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Direct from Wales, UK

Interview given to Crystal Serenades Publications, a publisher in Wales with a very interesting website mainly about poetry
8th March 2004

Download a DOC version of this interview

1. First off, I'd like to thank you for taking the time to answer a few questions for us. Just to enlighten our members, could you tell us briefly about your background and how you got into writing poetry?

I was born in Québec City in Canada in 1972 and I have been living in London since 1995. I was born different: gay, filled with questions about the universe and the role of humans in it, and an insatiable hunger for writing. When I was 10 years old, after my parents divorced, my father bought me a computer and this is when I started to write. First it was short stories about life and the social values (Towards the Green Fields), then it was a philosophical essay about the universe we live in (The Revolution), then novels, essays, plays, etc. I have written 17 books in all so far mostly in French and many reports and articles in English available on my website The Marginal Literature.

In time I worked for television and cinema and I am now a scriptwriter for these mediums. I worked on the development of the science fiction series Black Hole High for NBC that was broadcast on ITV and now is on Fox Kids. I also worked on Prometheus Rising, a big budget sci-fi film that will come out soon in Hollywood. I even researched and developed a documentary about Einstein with Kevin MacDonald, the Academy Award Winner and director of Touching the Void, the top 10 movie in the UK.

How I got into poetry? I was desperate. Living in New York, Toronto, Brussels and London alone, without any money to live, I developed a bitter taste for reality and the world we live in. I had to write it all down. I discovered in time that I was not alone feeling this emptiness, many wrote to me to tell me how they suffer and struggle as I do. The Anarchist is my big collection of poems and it is an ongoing project. I have three tomes of the Anarchist in French from which the best poems were translated and became The Anarchist I in English. I am now writing The Anarchist II in the English language.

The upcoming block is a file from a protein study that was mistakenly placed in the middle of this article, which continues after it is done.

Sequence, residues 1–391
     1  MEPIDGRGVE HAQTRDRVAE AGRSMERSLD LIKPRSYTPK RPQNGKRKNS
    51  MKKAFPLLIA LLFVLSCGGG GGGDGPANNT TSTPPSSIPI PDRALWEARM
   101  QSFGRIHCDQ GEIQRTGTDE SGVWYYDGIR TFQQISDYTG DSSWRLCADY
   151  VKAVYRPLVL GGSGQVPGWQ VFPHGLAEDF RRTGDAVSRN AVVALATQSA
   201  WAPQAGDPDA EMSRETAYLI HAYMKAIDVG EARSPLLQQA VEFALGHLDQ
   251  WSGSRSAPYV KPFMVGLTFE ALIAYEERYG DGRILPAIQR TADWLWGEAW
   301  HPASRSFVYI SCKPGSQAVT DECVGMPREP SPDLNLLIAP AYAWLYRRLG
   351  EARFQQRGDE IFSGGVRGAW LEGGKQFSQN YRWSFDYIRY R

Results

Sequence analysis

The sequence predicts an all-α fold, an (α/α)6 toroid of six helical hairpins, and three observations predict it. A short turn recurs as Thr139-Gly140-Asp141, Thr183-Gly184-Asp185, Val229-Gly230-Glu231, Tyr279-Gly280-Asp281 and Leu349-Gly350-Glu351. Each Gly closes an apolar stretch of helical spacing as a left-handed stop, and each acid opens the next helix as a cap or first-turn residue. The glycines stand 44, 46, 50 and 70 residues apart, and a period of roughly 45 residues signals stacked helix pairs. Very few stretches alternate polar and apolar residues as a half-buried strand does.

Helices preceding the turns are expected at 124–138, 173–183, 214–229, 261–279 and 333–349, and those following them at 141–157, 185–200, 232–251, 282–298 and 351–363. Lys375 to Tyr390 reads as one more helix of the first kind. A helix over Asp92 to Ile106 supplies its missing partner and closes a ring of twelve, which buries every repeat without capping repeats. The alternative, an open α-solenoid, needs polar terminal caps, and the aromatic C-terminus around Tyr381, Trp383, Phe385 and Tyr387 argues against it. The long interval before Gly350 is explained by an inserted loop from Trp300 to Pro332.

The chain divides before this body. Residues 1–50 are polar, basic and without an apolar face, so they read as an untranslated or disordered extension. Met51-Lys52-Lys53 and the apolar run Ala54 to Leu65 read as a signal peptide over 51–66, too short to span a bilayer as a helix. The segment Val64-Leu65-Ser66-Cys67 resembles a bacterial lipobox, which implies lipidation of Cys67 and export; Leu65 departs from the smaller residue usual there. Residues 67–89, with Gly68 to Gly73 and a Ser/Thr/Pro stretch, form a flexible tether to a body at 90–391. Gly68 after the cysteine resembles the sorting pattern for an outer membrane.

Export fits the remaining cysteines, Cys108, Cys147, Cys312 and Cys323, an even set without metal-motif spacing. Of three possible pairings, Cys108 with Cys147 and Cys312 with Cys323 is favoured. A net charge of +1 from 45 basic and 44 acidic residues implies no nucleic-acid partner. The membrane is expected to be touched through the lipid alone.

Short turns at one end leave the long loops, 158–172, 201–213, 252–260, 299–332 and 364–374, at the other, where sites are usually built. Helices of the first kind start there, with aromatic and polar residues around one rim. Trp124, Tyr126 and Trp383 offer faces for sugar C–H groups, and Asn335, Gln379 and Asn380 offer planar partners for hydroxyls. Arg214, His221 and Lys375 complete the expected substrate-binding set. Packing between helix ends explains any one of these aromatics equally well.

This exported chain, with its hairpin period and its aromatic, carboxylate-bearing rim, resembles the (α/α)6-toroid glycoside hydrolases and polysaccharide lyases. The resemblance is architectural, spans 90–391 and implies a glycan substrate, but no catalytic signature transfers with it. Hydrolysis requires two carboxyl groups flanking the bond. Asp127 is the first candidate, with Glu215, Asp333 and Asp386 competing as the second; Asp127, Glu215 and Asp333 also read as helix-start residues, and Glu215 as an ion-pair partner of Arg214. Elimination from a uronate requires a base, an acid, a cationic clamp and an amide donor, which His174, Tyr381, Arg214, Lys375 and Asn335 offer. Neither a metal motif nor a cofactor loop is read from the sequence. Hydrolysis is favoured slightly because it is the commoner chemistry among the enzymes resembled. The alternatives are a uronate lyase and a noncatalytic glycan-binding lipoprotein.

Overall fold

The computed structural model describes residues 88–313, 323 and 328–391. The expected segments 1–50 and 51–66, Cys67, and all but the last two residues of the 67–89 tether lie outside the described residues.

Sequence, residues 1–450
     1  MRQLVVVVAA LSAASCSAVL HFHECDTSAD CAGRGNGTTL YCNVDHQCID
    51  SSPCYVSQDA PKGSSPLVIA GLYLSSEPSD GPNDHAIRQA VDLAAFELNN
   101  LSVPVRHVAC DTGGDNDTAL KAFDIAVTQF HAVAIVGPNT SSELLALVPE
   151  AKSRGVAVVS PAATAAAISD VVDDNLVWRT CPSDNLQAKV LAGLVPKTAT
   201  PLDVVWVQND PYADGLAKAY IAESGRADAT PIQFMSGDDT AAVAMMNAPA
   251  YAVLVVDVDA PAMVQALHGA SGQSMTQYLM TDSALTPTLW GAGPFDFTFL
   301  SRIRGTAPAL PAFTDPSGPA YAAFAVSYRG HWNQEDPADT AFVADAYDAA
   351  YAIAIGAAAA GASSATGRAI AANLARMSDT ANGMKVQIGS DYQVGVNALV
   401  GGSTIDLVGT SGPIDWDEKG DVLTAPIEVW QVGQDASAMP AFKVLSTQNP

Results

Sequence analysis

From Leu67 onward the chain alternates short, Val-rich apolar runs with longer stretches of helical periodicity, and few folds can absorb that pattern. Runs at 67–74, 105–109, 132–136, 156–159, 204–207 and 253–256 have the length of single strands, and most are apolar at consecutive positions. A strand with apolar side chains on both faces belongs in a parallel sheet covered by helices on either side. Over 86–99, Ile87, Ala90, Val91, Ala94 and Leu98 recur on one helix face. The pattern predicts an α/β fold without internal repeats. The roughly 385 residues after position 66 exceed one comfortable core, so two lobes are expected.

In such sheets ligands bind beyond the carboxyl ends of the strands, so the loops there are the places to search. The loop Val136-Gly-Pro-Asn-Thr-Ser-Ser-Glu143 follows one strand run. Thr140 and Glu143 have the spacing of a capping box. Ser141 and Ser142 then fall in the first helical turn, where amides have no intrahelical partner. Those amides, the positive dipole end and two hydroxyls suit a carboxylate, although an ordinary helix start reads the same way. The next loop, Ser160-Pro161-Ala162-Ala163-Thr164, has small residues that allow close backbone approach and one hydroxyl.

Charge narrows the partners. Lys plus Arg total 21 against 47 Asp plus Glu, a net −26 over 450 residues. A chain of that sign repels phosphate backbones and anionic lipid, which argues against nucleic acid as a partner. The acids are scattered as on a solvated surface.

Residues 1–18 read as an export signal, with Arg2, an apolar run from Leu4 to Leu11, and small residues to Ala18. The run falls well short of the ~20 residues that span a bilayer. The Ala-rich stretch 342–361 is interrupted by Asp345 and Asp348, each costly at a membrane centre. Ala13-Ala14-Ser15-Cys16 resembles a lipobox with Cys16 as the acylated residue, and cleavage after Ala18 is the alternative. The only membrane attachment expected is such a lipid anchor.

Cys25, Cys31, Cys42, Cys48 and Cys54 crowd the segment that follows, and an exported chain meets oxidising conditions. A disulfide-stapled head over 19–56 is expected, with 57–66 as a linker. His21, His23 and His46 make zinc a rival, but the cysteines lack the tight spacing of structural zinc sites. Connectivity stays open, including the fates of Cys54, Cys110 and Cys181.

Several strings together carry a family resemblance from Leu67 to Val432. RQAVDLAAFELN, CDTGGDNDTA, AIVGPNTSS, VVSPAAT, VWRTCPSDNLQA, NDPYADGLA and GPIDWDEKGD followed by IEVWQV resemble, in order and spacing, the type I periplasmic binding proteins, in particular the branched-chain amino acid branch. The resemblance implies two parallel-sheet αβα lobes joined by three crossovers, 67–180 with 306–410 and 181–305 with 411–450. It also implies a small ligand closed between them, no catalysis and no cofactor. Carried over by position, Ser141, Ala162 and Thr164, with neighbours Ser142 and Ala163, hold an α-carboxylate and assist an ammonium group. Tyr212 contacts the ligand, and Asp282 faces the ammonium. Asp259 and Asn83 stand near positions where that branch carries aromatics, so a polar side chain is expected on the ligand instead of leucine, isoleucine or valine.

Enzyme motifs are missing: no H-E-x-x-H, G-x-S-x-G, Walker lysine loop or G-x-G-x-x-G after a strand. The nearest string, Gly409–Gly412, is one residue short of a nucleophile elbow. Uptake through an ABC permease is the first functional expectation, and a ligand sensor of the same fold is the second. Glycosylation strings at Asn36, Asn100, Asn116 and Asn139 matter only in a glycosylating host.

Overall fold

2. You have released five books (in French) so far, "The Anarchist" seems to be the most controversial of the lot. Does the book live up to its title? And do you feel that the title has helped with its success in France?

The Anarchist is definitely my most controversial book, sometimes I cannot believe what I wrote when I read it again. Some people have thrown the book in the fire and told me exactly what they thought of it. It is not easy to be scandalous these days and I am pleased that I have succeeded. This said, the book has undeniable qualities as most readers found it new and refreshing. The Anarchist is the most successful book so far of my publisher in Paris. This is no small achievement as publishers are very reluctant to publish poetry because of low sales.

I would say the title has done a lot to bring readers to this book and I realise now how bold my publisher was to have accepted it as I find it hard to get it published in English. Publishers are afraid of the controversy. I think my second attempt with the publishers will see a new title less intimidating, like the “London Blues” or something. I believe it will be less successful with the public with a revised title but this is a sacrifice I might have to accept.

I have five books published in French in Paris by two different publishers. Two novels (Denfert-Rochereau and L’Attente de Paris), an essay (The Eclecticism), a personal journal (Un Québécois à Paris / A French-Canadian in Paris) and my poetry (The Anarchist).

A French-Canadian in Paris has been published last December and is already showing good signs that it will be my most successful book to date. FNAC and Virgin Megastores keep ordering copies and many positive articles have already been written in some magazines in France. I am pleased to be recognized as a writer both in the French and English languages. I feel comfortable enough that my last sci-fi novel and all my scripts are now being written in English.